…but there is something that I can do.

In the lives of every human being we are given the opportunity to invest in the lives of others. We are all given the chance to invest in something that reaches beyond the boundaries of today or this week’s paycheck. If we are to honor the people that invested their lives in us then we must answer the call to invest in others.

For me, I was compelled, over time, to teach others about the unimaginable gift of Jesus Christ and to expend my energies helping others spiritually as well as in other ways. For you it may not be John Rodgers, but today I ask that you remember who it was that influenced and inspired you. Maybe it was a teacher, a pastor, a coach, a university professor or it could be a parent, a grandparent, a police officer or even a janitor. Whoever it was for you, I hope that you will use that memory to drive you to invest in another generation.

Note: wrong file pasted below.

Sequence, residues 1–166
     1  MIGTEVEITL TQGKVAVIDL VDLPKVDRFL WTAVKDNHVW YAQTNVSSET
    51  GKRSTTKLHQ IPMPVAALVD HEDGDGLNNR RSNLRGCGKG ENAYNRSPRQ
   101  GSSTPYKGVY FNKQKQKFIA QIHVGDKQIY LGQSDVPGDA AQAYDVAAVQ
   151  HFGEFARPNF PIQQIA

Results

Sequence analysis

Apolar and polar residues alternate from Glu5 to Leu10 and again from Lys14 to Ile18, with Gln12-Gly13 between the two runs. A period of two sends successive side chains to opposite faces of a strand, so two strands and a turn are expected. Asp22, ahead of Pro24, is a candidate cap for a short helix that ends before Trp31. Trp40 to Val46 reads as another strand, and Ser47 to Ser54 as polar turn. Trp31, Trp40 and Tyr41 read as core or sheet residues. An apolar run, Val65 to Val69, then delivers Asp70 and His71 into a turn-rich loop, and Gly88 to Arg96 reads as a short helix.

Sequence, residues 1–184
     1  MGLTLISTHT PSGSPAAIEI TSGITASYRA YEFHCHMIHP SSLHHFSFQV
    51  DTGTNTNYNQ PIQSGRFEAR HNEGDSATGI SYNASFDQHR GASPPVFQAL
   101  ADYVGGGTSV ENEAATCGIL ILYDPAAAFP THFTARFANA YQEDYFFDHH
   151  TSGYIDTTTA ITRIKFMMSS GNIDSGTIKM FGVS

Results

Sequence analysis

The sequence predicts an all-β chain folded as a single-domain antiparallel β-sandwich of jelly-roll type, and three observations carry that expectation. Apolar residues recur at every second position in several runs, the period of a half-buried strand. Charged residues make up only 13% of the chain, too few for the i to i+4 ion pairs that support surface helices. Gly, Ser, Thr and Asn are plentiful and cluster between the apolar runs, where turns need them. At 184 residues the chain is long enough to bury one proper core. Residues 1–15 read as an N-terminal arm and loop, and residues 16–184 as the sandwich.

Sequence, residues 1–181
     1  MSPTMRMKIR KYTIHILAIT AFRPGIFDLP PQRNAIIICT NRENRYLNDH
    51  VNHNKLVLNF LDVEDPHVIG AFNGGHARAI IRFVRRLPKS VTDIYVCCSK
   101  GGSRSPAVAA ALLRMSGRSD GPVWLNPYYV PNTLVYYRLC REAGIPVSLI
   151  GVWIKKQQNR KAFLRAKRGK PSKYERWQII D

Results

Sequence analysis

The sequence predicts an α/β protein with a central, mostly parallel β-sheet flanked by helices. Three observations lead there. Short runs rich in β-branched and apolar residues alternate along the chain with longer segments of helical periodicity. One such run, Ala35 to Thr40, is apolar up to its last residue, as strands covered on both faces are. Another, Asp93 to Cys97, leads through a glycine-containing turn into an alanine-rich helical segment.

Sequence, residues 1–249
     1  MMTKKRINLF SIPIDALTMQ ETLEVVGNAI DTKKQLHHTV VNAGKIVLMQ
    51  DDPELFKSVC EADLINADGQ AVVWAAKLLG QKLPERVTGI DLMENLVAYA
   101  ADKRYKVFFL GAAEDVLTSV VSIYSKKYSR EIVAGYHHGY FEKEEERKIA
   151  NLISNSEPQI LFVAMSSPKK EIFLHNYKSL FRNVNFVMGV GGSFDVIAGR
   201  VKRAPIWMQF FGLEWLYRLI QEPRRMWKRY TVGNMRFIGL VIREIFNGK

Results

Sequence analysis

If you’re a teacher, you can allow that memory to reinvigorate you and to rekindle your passion, but even if you’re not in a career where this is easy there are still lots of options. Choose someone who can benefit from your accumulated knowledge and experience and offer to mentor them. Instead of criticizing their youth and inexperience, take the time to teach them a better way (and listen for what they have to offer you as well). Volunteer in your community. Every ball field needs volunteer coaches and referees. Every scout troop that I’ve ever seen can always use anyone with a spare hour or two. Churches and synagogues and schools and soup kitchens everywhere need compassionate volunteers with a heart to serve others. Whatever it is, find a way to give back (or pay forward) the amazing gifts that you’ve been given. You can make a difference. You can make the world a better place.

Get out there and change the world.